Hey, What’s Cookin’?
Summer is in full swing and everyone is grilling up a storm; cooking many of our evening and weekend meals on the grill. And why not–it’s more fun, it doesn’t heat up the kitchen, and food cooked outdoors just seems to taste better. But before you douse that meat or chicken in commercial BBQ sauce, ask yourself; doesn’t your body and that protein you’re grilling deserve to be treated just a little better?
While BBQ sauce tastes great and everyone has their favorite brand, commercial sauces are usually loaded with sodium. You can expect anywhere from 280 grams of sodium–and higher–per 2 tablespoons serving. Why should you care about that sodium? Because the American Heart Association recommends no more than 2,300 milligrams (mgs) a day and an ideal limit of no more than 1,500 mg per day for most adults. So those 2 tablespoons are already more than 10% of your limit. But when is the last time you limited yourself to a 2 tbs serving?
BBQ sauce usually gets its sweetness from high fructose corn syrup (HFCS); in fact, it’s usually the first ingredient listed. So there’s more HFCS than tomato in most BBQ sauces. But HFCS is not the only sugar used; commercial BBQ sauces also routinely include fruit juice, sugar, more corn syrup, and molasses. All told, about 4 teaspoons (or more) of that 2 tablespoons (6 tsp) is sugar. So that single serving of BBQ sauce is 2/3 sugar! Please study the ingredients label of your favorite commercial barbecue sauce, and see if you can’t do better.
Because of those two significant health traps, excess sodium and excess sugar, I recommend that you make your own BBQ sauce. You can make it as spicy or mild as you like. And you can make it with much less sodium, no preservatives, as well as use more natural forms of sugar such as honey.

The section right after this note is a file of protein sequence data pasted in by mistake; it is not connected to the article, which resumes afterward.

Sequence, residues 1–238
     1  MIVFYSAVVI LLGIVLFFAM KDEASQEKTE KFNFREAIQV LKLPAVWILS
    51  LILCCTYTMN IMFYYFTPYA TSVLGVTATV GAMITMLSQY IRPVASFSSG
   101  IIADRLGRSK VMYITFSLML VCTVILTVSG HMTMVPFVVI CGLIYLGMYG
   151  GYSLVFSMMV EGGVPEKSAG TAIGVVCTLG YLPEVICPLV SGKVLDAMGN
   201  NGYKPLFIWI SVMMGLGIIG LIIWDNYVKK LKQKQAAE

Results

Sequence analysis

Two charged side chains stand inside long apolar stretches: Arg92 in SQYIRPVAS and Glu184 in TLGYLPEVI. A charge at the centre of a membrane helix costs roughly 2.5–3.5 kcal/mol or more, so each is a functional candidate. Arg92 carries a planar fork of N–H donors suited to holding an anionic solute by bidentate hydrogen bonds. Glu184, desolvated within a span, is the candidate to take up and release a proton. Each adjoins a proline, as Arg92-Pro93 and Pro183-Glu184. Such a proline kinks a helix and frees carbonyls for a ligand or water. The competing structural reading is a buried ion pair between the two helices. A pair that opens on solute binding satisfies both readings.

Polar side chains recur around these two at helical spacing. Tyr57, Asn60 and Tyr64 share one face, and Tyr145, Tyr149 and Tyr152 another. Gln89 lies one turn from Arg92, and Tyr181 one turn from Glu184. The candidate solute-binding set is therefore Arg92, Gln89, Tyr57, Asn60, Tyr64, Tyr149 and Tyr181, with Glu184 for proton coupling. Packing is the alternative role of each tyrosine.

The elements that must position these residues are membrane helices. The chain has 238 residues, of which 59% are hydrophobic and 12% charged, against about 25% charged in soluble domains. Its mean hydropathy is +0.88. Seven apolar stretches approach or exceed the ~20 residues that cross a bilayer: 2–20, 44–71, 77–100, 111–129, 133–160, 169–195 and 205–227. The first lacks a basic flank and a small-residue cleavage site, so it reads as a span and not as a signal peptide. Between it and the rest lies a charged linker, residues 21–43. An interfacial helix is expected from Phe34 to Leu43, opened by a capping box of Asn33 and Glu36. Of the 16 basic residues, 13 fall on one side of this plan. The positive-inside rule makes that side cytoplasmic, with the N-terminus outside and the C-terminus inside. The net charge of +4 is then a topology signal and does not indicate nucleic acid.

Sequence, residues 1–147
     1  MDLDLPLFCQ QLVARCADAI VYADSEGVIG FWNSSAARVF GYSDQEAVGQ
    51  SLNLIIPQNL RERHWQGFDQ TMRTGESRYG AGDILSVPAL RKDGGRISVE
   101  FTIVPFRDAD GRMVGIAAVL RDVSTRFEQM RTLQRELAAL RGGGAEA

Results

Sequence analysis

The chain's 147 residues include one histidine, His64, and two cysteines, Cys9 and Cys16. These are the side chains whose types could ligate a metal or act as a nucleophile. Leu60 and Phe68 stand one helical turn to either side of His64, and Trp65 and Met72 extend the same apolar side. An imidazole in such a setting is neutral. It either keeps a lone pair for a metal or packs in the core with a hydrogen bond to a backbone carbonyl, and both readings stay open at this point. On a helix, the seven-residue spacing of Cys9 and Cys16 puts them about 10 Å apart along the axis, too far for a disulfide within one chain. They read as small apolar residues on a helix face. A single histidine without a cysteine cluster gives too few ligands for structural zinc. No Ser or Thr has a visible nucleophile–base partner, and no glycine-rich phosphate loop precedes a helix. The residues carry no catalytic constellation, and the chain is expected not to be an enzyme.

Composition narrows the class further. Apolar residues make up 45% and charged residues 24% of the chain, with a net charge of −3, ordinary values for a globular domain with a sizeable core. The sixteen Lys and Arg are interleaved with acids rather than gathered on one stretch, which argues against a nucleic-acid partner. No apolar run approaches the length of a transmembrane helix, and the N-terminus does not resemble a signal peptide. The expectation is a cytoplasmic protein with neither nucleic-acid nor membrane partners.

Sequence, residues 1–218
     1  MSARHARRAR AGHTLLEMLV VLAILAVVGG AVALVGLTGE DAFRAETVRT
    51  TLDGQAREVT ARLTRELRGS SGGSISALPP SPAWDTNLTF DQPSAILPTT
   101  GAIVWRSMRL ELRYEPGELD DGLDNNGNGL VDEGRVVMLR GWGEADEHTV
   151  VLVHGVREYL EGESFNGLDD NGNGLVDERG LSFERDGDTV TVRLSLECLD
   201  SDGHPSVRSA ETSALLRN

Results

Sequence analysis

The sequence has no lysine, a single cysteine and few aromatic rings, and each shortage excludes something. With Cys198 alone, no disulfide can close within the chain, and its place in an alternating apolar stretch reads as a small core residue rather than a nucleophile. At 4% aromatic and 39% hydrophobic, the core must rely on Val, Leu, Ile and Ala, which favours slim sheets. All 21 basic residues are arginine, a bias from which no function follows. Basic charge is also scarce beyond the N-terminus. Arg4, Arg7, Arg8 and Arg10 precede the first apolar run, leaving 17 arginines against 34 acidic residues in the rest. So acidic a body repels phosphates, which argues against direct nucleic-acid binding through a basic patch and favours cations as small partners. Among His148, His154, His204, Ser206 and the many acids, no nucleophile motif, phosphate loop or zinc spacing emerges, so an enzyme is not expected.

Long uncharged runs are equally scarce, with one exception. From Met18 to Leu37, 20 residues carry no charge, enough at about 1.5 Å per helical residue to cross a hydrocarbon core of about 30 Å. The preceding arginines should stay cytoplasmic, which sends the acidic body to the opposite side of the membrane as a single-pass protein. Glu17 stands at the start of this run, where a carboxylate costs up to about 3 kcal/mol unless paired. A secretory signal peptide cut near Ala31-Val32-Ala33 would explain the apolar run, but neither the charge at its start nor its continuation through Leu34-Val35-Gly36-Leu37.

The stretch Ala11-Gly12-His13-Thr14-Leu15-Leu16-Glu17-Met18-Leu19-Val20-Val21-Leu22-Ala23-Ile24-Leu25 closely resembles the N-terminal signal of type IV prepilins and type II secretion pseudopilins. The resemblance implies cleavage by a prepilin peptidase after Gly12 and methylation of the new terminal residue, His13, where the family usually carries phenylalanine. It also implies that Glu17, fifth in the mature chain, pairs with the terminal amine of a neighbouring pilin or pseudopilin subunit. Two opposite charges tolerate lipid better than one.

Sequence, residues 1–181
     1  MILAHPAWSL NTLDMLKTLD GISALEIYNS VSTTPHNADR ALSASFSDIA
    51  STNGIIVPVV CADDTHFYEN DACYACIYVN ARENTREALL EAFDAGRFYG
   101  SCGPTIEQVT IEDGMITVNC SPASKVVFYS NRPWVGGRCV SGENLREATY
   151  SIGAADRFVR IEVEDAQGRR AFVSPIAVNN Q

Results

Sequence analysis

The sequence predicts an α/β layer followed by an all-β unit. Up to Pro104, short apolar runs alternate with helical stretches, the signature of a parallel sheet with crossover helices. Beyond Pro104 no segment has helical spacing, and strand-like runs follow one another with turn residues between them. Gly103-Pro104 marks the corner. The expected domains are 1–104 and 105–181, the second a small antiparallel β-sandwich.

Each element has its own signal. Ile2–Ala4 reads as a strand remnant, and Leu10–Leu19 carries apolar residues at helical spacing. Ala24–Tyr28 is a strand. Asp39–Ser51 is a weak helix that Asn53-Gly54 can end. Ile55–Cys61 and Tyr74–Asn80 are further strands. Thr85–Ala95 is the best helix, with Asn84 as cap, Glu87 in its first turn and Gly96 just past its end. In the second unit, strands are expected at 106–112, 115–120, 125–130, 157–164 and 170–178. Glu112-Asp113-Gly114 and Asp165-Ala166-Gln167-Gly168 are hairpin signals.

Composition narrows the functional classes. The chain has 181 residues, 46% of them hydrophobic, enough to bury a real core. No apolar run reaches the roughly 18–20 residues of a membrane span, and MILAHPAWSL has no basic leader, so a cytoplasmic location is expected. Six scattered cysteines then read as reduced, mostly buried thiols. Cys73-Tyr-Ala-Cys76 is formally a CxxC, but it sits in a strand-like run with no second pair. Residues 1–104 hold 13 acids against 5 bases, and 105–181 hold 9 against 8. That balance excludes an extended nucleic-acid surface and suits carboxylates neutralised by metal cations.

And I’ve found a great recipe for you to try! You’ll notice it contains no salt–it’s so spicy and flavorful it doesn’t need it! Trust me! I also encourage you to consider ordering Hunt’s No-Sodium Ketchup (can be found on Amazon); both to use in this recipe and to use as your table ketchup. It’s a great-tasting ketchup and you won’t miss the salt at all!
And don’t let the lengthy list of spices scare you away–many of them you’ll already find in your pantry. And dollar stores or discount stores are a GREAT source of low-cost spices. You can stock up for very little!
Homemade BBQ Sauce
Adapted from a recipe from Davita
Makes a little over 1 pint of sauce
Serving size: 2 tbs.
- 1 tbs all-purpose white flour
- 1 tbs canola oil
- 1/4 cup red wine, tarragon, white wine, or plain white vinegar
- 1/4 cup water
- 1 cup ketchup (use an organic brand; or use Hunt’s No-Sodium Ketchup found on Amazon)
- 1 tbs fresh lemon juice
1/8 tsp Tabasco sauce
- 1 tbs Liquid Smoke
- 1 tsp black pepper
- 1 tsp chili powder
- 1 tbs minced dried onion bits or 1/4 cup fresh minced onion
- 1/2 tsp poultry seasoning
- 1/2 tsp dry mustard
- 1/4 tsp onion powder
- 1/4 tsp garlic powder
- 1/2 tsp ginger powder
- 3 tbs coconut sugar or honey
- In a 2-quart pot, add flour and oil. Whisk to make a paste and cook over medium low heat to remove “raw” taste of the flour—but do not let it brown—for approx. 4 min. Remove pot from heat and allow to cool 5 min.
- Add liquid seasonings to pot: vinegar, water, ketchup, lemon juice, Tabasco sauce, and liquid smoke.
- Add dry seasonings to pot: black pepper, chili powder, onion bits, poultry seasoning, dry mustard, onion powder, garlic powder, ginger powder, and coconut sugar.
- Whisk the ingredients together thoroughly and put the pot back on low heat. Cook for 15 minutes, whisking occasionally. You can use the sauce immediately, but it’s really best to let the flavors meld overnight. Allow to cool before storing.
- Place a small portion in a covered container and keep in the refrigerator. Will keep for 2 weeks. Freeze extra BBQ sauce in small portions; remove from freezer and thaw as needed.
Notes: Make the sauce your own by tweaking the spices to fit your desired flavor profile!
Photograph via Pinterest